Kamelia Aryafar is part of the Data Science team at creative marketplace Etsy. At AirBNB’s OpenAir Tech Talks, she described how the uniqueness of products on offer mean that approaches to machine learning are tailored to each individual Product team.
Invariably, handmade items on Etsy are one of a kind, so how do you figure out how a recommender system is going to serve up relevant content?
Whilst part of the solution is derived from community by both open sourcing their work and also using a form of clustering through user scenarios and tastes, the cultural enlightenment at Etsy is also driven by pollinating engineering teams with Data Scientists. This sees the implementation of algorithms as a team effort and spreads knowledge of machine learning techniques rather than having an almost mutually exclusive Data Science competency. Aryafar says,
The Data Science team at Etsy is seven people right now and we are also embedded with different Product teams so we are not just focussing on research and developing mathematical models but we also implement these models ourselves, so we pair up with different teams so for example I pair up with security, marketing and membership and try to develop machine learning models that can help these teams and pair up with them to serve recommendations throughout the site.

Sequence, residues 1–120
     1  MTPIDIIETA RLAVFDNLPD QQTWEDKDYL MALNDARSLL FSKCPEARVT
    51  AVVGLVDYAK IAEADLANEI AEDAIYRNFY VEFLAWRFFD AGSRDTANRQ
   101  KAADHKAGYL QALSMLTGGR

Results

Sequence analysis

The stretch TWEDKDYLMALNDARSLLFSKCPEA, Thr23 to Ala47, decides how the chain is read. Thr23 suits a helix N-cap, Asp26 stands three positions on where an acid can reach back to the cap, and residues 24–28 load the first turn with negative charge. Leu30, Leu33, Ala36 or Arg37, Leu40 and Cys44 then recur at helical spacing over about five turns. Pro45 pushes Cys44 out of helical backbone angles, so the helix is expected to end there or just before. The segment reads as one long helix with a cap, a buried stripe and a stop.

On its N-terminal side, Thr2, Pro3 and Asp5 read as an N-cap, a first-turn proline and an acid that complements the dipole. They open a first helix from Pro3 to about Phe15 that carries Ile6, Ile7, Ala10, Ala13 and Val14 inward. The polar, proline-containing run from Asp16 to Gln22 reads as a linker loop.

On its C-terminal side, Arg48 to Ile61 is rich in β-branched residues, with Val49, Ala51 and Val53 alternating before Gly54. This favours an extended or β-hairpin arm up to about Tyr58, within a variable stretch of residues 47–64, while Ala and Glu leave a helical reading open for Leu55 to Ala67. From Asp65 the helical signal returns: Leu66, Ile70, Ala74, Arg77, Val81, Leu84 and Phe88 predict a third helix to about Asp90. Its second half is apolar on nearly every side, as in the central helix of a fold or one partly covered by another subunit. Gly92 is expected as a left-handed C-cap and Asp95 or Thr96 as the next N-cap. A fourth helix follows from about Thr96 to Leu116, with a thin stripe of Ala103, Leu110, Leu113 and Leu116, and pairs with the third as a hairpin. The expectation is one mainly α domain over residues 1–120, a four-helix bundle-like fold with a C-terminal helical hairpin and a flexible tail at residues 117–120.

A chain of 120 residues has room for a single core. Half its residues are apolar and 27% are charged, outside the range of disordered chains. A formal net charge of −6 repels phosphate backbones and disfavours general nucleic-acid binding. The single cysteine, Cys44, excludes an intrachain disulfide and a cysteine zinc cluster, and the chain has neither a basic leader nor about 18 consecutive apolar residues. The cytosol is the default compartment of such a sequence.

This helps create an environment where people can actually learn machine learning and adopt the tools that we develop and apply them to their own needs, so the security team has been a very good example of using Conjecture, our open source library for detection of fraud.
Etsy use matrix factorization heavily in order to serve up recommendations. This comprises using lower dimensional vectors to represent preferences based on what users have liked in the past and making recommendation based on the user vector and item vector with specific features. Aryafar explains that the goal of matrix factorization is to come up with the decomposition of what would otherwise be an enormous matrix of all binary classified items into two different representations so that they can go back and fill out the matrix more to get a ranking of the items the user is actually interested in.
To help avoid the computational workload from serving recommendation from enormous matrices for each of the more than 50 million users, Etsy use locality sensitive hashing to pool similar items into buckets which assumes that users will fall into the same bucket if they have similar tastes.
Etsy also use Latent Dirichlet Allocation to generate style profiles for all items and builds a distribution for each user amongst the style profile. Aryafar says that ‘LDA essentially gives you these style profiles and it also gives you the distribution of users preference in terms of these style profiles’. These distributions then allow users to be positioned near users who have a similar style profiles to serve recommendations.
The value of having a data science team for recommender systems at Etsy is tangible through comprehensive A/B testing and in summary Aryafar says that personalized content at Etsy has been found to engage users and enhance business metrics.
For further reading on personalized recommendations at Etsy, read Rob Hall’s blog post on Code as Craft.